In the broadcast architecture 30, the downlink signal path 42 works as follows: The downlink channels for all the remote units 46 travel from the host unit 34 to remote unit #1 at the downlink frequency over a linear fiber optic cable 44. At the remote unit #1, the signal is detected by a photodetector 48, and then split by splitter 53 into two paths 50 and 52. One path 50 leads directly to the transmitter/receiver antenna 54, while the other path 52 leads to laser 56. From laser 56 the signal is transmitted to the next remote unit #2. This process continues until all the remote units 46 have been reached and the signal returns back to host unit 34. For clarity, similar elements in the remote units 46 will be represented by identical reference numerals.

The uplink signal path which is the transmission from the remote site 46 to the host unit 34 emanates at the remote site. The uplink signal path 60 works as follows: at each remote unit 46, the uplink signals 62 are collected by the transmitter/receiver antenna 54 and then combined in combiner 66 with all the uplink signals 62 from the remote units 46 with a higher number. This signal is then transmitted over analog fiber optic cable 68 to the remote unit with the next lower number. This process continues until the uplink signals 62 reach the host unit 34. For example, with respect to remote unit #2, uplink signal 62 is received at antenna 54, combined with uplink signal 62 transmitted by laser 70 of remote #N and received by photodetector 73 at remote unit #2, from which the combined signal 62 is output by laser 70 of remote unit #2 and received by photodetector 73 of remote unit #1. Remote unit #1 combines this signal with an incoming signal and transmits the resultant signal to host unit 34. The host unit 34 converts the optical signals back to electrical signals for transfer to base station 32 where the electrical signal can be sent out to a public switch telephone network.

Although there are many advantages associated with the broadcast architecture 30 of the present invention, including simplicity of operation, the disadvantage of the broadcast architecture 30 is that the receiver sensitivity of the uplink is reduced because the noise of the uplink is increased by a factor of n, where n is the number of remote units on the ring. For example, if the ring had four remote units, the receiver sensitivity would decrease by 10 log4=6 dB.

A further embodiment of this invention, although slightly more complex than the broadcast architecture 30 will be hereinafter referred to as the multiplexed ring architecture 71 shown in FIG. 4 of the drawings. In this embodiment of the present invention, the design of the system enables the signals for each remote unit to be separated, so that individual channel sets can be broadcast from each remote unit. In this way, the uplink noise can be kept separate for each unit and the receiver noise does not accumulate as in broadcast ring architecture 30.

Although there are numerous methods to multiplex the signals to or from the remote units, the multiplexed ring architecture 71 of this embodiment of the invention utilizes a frequency division multiplexing system. In such a system, each remote unit 72 requires less than 25 MHz of frequency bandwidth, whereas the broadcast frequency of a typical cellular system is around 800 to 900 MHz This means that any particular remote unit 72 only uses a small fraction of the possible bandwidth of the fiber optic link.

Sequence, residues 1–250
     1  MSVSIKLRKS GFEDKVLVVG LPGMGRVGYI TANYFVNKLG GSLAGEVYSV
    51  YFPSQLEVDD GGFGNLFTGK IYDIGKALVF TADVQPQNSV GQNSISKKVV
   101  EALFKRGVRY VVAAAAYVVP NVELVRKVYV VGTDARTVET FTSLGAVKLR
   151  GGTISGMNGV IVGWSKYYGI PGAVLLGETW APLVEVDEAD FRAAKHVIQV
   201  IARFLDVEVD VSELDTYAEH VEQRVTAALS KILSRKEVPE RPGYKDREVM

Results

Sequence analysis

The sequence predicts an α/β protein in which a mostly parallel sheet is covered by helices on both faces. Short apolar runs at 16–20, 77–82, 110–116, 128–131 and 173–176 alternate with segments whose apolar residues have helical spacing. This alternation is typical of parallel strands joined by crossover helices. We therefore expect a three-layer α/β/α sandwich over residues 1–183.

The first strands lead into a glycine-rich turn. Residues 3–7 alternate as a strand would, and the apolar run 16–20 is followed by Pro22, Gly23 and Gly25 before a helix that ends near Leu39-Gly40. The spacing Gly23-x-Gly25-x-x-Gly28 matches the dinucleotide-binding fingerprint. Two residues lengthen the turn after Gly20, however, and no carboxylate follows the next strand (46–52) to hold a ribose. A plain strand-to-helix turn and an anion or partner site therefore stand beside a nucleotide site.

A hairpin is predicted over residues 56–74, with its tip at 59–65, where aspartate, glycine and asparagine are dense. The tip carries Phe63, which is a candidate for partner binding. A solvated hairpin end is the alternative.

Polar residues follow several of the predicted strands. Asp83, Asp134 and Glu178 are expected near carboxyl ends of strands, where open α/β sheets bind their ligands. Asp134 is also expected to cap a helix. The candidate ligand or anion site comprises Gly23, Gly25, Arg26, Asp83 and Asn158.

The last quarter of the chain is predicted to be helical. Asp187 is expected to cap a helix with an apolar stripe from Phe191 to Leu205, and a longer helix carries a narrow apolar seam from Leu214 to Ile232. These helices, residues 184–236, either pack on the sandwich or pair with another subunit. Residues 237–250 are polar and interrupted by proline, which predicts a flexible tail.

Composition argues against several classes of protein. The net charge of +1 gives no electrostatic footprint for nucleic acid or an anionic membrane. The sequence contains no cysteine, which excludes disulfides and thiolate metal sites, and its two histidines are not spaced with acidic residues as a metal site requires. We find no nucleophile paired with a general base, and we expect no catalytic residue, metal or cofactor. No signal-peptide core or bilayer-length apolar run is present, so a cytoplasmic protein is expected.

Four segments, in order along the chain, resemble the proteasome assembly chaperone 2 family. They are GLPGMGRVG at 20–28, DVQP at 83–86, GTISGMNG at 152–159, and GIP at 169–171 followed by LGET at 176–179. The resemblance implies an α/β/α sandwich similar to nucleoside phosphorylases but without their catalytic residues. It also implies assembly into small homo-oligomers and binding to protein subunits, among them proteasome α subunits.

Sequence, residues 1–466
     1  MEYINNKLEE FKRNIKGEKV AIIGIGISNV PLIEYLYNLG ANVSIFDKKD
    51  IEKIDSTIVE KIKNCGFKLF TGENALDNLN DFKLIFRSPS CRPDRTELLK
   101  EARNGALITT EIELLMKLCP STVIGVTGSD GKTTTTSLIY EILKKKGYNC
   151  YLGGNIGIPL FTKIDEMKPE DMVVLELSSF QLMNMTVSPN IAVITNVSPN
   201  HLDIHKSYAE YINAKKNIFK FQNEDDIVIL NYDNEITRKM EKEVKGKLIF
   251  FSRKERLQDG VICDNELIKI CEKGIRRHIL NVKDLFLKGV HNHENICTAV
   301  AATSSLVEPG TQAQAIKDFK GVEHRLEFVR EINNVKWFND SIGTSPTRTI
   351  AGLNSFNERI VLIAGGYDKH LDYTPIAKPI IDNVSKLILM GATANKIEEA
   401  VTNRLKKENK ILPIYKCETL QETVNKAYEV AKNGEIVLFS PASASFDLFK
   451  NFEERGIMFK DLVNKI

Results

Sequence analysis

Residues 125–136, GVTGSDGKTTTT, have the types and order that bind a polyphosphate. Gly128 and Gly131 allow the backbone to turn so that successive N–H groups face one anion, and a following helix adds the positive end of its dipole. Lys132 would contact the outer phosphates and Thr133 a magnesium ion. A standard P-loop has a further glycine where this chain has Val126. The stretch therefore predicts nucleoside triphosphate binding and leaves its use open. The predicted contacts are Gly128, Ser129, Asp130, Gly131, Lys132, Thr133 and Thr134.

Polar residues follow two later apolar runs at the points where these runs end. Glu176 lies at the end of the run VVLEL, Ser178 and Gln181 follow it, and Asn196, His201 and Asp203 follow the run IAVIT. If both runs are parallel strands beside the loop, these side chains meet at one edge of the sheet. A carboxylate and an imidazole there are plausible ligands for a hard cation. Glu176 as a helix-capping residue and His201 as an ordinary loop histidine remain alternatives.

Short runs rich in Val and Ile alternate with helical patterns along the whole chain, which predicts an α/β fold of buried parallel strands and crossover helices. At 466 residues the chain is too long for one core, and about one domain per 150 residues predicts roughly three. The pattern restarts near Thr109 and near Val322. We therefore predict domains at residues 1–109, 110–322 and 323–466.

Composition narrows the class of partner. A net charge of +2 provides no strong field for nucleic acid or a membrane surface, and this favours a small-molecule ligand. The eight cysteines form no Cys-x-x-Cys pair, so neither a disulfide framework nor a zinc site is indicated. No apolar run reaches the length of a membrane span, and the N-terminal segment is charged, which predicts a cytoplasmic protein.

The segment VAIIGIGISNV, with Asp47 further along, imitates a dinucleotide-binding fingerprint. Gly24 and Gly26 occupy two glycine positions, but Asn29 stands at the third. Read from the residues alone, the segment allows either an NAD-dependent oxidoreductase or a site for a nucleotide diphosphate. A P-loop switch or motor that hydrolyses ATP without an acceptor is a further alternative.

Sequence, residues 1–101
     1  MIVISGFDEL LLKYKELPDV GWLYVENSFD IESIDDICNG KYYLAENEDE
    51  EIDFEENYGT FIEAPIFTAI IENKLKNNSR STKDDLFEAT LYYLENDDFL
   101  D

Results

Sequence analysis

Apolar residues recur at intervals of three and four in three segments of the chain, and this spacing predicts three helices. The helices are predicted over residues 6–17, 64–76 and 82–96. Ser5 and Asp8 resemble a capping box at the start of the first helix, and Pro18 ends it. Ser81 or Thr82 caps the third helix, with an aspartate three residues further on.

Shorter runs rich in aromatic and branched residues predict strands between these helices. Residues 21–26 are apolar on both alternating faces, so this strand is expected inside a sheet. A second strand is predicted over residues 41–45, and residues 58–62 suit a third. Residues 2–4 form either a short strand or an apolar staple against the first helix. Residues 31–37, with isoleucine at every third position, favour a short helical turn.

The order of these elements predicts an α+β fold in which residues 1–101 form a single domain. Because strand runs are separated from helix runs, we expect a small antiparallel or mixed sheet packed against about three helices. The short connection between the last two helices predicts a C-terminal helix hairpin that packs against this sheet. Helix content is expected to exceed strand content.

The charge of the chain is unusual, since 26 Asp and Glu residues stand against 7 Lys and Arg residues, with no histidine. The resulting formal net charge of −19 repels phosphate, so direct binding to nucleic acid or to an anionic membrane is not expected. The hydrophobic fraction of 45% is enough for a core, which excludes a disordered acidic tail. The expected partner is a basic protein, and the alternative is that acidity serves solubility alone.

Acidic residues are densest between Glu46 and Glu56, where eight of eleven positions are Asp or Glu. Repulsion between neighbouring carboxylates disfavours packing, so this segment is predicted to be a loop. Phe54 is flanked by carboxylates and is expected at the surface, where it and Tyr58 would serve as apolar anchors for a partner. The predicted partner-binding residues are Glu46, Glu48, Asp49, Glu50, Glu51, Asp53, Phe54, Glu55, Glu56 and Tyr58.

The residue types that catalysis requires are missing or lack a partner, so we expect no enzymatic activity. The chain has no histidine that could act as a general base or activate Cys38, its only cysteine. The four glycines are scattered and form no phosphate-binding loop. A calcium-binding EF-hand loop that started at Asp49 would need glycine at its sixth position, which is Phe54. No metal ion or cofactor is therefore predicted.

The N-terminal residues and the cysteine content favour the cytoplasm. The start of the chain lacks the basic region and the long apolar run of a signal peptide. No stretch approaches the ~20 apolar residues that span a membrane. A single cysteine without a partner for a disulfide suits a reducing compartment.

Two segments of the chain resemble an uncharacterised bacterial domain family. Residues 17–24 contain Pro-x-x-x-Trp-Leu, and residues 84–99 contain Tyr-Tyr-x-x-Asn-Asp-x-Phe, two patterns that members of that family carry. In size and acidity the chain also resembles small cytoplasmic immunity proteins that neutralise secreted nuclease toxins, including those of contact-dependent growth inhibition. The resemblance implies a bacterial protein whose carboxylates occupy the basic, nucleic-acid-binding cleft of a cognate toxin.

Multiplexing can then be achieved by frequency converting each downlink signal 74 set at the host unit 76 to a different intermediate frequency as shown in FIG. 4 of the drawings. These separate intermediate frequencies are then combined at combiner 78 within the host unit 76 and transmitted by laser 80 as the downlink path 81 over optical fiber cable 82 to the first remote unit #1. At the remote unit #1, the signal 84 is split by splitter 86 into two signals 88 and 90. One signal 88 is frequency converted back to the original cellular downlink frequency using a frequency converter 92 that selects only the intermediate frequency intended for remote site unit #1. The other part of signal 84, that is, signal 90, is amplified and sent by laser 94 out another fiber optic cable 96 to remote unit #2.

At remote unit #2, the downlink signal 96 is again split by splitter 97, with one signal 98 continuing on to the next remote unit #N, and the other signal 100 being frequency converted by frequency converter 102 for broadcast out the antenna 104. Again, frequency converter 102 of the remote unit #2 is chosen to pass only the designated intermediate frequency. This process continues until the downlink signal reaches the last remote unit #N. At remote unit #N, part of the signal is frequency converted for broadcast out the antenna 106, and part of the signal is transmitted out the optical fiber cable 108, this time back to the host unit 76. The last fiber optic link between remote unit #N and host unit 76 serves no purpose other than possible monitoring functions when the system is operating normally, since the downlink signal is simply returning to its source.